Lotus’ first SUV will likely be able to go close to full autonomy thanks to some clever onboard technology
The Lotus Type 132 will be the first-ever SUV from the Hethel-based bespoke British manufacturer – and it’s likely to be something special.
Set to launch sometime in 2022, the Type 132 SUV is one of four new models slated for release by Lotus by 2025 along with the already announced mid-engined Emira sports car.
While specifics are few and far between, the Type 132 is expected to be a large SUV based on a dual-motor battery electric platform, though there is an outside chance that a Toyota-derived V6 hybrid powertrain could also be offered..
One of the more obvious features seen in recently-released teaser videos and photographs released by Lotus is an electronic active shutter grille which helps aid cooling but at the same time can “enhance frontal aerodynamics”, according to the manufacturer.
But the standout is the adoption of a Lidar system which retracts back and forth out of the roof to enhance the car’s drivability and autonomous systems.
The big question is this: what is Lidar and why is it finding its way into modern cars?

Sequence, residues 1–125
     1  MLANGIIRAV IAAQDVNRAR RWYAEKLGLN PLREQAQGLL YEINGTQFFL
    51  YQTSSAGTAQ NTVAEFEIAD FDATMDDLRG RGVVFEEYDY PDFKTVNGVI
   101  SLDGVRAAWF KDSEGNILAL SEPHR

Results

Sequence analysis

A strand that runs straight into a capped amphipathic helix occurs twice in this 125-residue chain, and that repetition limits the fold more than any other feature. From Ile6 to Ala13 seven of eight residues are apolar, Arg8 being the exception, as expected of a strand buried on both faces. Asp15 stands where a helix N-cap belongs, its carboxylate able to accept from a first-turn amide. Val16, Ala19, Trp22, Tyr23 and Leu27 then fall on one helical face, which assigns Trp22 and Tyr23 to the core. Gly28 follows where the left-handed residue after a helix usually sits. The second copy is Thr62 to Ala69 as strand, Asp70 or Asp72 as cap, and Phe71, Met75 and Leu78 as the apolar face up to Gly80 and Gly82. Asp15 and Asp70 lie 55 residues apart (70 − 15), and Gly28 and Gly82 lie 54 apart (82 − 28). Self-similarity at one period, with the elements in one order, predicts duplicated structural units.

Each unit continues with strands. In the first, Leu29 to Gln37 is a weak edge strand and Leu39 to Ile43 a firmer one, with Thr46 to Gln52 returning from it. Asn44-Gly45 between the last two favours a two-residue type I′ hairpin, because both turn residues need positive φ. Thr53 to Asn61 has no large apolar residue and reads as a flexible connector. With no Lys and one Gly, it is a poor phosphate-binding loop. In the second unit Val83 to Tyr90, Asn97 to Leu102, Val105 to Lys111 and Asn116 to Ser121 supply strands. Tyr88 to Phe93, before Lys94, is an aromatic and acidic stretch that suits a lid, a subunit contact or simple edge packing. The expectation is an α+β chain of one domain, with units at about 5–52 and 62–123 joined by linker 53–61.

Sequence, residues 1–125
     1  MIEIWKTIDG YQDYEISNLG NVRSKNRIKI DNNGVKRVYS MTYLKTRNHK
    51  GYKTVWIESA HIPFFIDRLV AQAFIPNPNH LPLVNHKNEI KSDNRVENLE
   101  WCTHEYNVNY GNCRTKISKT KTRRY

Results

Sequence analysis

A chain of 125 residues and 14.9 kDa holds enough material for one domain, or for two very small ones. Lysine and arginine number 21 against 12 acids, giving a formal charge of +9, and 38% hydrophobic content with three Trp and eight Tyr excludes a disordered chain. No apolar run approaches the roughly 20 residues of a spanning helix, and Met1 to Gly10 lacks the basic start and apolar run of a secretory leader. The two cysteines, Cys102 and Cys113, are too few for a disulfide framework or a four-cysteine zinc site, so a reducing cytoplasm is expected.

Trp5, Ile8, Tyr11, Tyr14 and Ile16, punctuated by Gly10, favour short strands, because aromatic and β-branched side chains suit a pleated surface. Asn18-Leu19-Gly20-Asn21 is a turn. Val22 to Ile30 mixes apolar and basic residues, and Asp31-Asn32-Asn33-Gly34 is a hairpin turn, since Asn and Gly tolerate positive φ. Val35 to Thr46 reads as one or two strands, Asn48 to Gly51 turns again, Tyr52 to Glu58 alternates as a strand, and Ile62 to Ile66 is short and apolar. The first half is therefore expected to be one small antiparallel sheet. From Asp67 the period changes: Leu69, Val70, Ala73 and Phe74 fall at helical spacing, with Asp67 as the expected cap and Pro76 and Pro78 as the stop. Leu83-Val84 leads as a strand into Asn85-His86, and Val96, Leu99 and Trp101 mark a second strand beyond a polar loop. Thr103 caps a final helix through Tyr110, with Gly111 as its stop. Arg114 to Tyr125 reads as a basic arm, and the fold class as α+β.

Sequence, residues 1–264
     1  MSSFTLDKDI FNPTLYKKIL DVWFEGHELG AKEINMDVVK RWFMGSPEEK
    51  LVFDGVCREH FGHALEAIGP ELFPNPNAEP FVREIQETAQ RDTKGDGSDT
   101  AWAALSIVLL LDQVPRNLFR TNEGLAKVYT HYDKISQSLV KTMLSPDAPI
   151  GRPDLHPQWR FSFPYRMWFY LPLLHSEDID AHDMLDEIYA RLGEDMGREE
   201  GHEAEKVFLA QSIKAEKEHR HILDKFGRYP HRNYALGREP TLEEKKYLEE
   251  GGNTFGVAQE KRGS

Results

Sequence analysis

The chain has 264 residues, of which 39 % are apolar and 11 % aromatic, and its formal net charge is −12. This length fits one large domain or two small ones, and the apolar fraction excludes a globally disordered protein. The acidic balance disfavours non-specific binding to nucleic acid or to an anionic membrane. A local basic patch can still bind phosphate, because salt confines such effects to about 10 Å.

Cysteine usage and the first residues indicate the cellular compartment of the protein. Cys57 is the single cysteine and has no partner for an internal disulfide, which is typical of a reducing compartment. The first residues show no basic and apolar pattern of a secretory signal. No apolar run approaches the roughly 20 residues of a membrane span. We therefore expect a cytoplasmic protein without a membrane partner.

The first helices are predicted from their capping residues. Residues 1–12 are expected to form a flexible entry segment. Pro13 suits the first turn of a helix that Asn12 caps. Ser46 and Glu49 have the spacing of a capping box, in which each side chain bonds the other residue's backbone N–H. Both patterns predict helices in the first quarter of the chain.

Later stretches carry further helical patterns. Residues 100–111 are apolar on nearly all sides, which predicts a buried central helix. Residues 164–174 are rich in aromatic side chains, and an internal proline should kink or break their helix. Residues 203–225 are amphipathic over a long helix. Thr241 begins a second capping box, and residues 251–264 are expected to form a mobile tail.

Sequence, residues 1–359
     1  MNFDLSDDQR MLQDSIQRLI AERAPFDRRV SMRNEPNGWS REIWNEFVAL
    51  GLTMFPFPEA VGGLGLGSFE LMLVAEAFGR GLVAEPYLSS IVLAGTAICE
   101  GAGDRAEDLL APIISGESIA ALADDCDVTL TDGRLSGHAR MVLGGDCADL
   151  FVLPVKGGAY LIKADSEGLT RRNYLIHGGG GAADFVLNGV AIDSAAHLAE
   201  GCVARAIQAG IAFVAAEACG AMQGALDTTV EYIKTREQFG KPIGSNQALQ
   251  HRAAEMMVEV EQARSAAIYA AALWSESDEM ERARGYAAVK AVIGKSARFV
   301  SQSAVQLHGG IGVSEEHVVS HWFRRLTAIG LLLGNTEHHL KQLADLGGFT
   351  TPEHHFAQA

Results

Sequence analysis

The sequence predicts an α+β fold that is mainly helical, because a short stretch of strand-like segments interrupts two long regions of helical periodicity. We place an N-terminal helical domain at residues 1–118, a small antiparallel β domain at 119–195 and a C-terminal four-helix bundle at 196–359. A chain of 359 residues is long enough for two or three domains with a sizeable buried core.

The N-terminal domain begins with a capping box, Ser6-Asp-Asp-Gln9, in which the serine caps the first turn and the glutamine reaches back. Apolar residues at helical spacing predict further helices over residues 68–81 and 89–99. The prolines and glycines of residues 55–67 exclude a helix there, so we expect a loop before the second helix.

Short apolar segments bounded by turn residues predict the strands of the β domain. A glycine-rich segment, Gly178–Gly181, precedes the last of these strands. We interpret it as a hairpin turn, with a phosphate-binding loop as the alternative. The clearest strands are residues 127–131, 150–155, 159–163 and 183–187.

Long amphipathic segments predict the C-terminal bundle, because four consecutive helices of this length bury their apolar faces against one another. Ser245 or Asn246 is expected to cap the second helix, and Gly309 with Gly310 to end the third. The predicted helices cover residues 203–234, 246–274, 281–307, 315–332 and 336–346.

Lidar stands for Light Detection and Ranging and is a system that uses bouncing light beams to create 3D imagery of the world around us. It is commonly used in modern mobile phones as well as surveying, geology and even forestry.
But Lidar has also found its way into autonomous cars and has been in development alongside the automotive industry for quite some time.
The reason? While regular cameras work well in bright conditions, in dark or overcast conditions they can fail to pick up incoming objects that might be coming within an impact zone of a car.
Lidar, on the other hand, can ‘see’ far better than the human eye and can 3D map the path ahead to check for potential hazards – even in the pitch dark.
Lidar systems have gone from bulky roof mounted systems to now sleek and streamlined units that sit flush with the roof panels of a car.
Some, just like the Lotus Type 132, are fully retractable to the point where you wouldn’t be able to tell it was there.
The system has come under some criticism though, especially from Elon Musk and Tesla, who called Lidar a “fool’s errand” and said that anyone who relied on the tech is “doomed”. Tesla decided earlier in 2021 to abandon radar and Lidar approaches in favour of relying only on camera-based autonomy systems.
Despite this, Tesla itself has been spotted this year testing Lidar systems produced by Luminar.
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